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Friday, 02 January 2009 11:28

The 8 Minute Cure - Page 9

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In those eight minutes, your situation is presented and analyzed, a solution is proposed, and you agree to it--cue up the applause! Dr. Phil has famously said, "I've never been under the impression that we're doing eight-minute cures on television." One wonders if the same can be said of his audience or his patients/guests, since he works so hard to give them precisely the impression that he can cure them.

In any case, viewers know when they tune in that they'll see footage of people much like themselves, beset with various dilemmas, and the footage will conclude with the cry, "Help me, Dr. Phil!" The subjects will be trotted out, talked to and talked about; various products will be hawked. And as the show ends, Dr. Phil will stride up the center aisle, to be greeted by his wife, and the two will walk off hand in hand while the audience applauds. There are variations in the middle, but the beginning and end are invariable.

Such is the essence and core of Dr. Phil's house call.

The opening footage of the first Dr. Phil Show I watched was calibrated to excite fear and disgust in whoever watched it: "nanny-camera" shots of babysitters beating and abusing infants and small children. The viewer couldn't help but think in terms of "monster" and "victim." Monsters and victims are common enough in our world, but in the consulting room, both are subjects to be understood. On the tabloid screen of Dr. Phil, both are excuses for titillation. After overwhelming viewers with this footage, Dr. Phil inserts, with all possible seriousness, "We're not saying that everyone's at risk." What he ­doesn't say is that there are millions of babysitters, nannies, and day-care workers, and only a tiny percentage of them are abusers. He also doesn't say we live in an economy in which many mothers have to work and have no choice but to employ the services of care providers. Instead, he makes working mothers feel guilty and frightened for a choice they can't avoid.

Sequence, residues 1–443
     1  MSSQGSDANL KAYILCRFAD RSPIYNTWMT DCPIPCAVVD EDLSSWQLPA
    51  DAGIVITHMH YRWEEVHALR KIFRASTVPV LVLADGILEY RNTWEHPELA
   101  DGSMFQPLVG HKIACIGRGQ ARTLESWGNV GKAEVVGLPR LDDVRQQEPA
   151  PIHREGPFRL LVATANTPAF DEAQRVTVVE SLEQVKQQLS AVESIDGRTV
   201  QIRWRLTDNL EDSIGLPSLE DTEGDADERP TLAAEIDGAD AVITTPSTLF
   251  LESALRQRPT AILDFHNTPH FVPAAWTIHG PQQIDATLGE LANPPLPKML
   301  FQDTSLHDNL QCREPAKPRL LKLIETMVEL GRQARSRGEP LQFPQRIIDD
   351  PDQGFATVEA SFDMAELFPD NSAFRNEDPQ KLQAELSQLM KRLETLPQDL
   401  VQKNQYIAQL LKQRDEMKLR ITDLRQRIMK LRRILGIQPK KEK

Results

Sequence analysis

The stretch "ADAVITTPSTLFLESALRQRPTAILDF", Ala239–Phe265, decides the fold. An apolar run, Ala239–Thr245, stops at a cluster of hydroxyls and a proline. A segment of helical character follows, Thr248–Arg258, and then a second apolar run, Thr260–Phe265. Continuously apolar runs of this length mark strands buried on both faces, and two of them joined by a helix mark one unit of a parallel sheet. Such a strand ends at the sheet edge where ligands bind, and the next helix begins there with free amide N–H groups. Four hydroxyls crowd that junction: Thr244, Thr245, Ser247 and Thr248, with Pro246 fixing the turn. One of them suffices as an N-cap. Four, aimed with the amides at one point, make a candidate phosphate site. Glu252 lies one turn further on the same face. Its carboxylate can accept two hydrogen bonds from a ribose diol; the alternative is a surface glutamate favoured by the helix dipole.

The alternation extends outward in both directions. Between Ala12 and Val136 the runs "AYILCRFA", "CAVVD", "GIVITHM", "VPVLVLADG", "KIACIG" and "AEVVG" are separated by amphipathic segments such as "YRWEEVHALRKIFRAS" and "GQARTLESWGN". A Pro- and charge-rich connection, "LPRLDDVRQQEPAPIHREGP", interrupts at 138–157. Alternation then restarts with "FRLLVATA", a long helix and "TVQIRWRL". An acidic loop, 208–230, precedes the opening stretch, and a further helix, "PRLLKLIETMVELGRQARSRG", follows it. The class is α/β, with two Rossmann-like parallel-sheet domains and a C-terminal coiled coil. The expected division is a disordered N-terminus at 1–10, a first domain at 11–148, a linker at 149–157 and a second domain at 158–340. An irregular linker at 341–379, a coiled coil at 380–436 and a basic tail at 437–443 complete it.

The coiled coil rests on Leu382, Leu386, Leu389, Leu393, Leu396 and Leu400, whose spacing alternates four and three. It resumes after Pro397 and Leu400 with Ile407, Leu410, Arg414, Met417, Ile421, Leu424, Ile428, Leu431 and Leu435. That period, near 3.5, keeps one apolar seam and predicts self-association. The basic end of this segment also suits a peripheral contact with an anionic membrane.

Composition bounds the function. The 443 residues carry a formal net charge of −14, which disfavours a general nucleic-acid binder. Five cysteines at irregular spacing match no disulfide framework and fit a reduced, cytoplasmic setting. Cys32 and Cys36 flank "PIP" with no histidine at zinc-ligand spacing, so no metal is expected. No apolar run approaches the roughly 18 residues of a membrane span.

Immediately after his not-everyone's-at-risk qualifier, he shows staged "docudrama" footage of a true case: a 2-year-old who drowns because of a babysitter's neglect and bad judgment. The footage is far more powerful than the disclaimer. What can it do but excite--and excite is the proper word--guilt and fear in any insecure parent employing a babysitter? Meanwhile, on his soundstage, women who've lost their children to negligent providers, or whose children have been injured by same, sit unhappily in uncomfortable chairs.

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Last modified on Sunday, 11 January 2009 16:40

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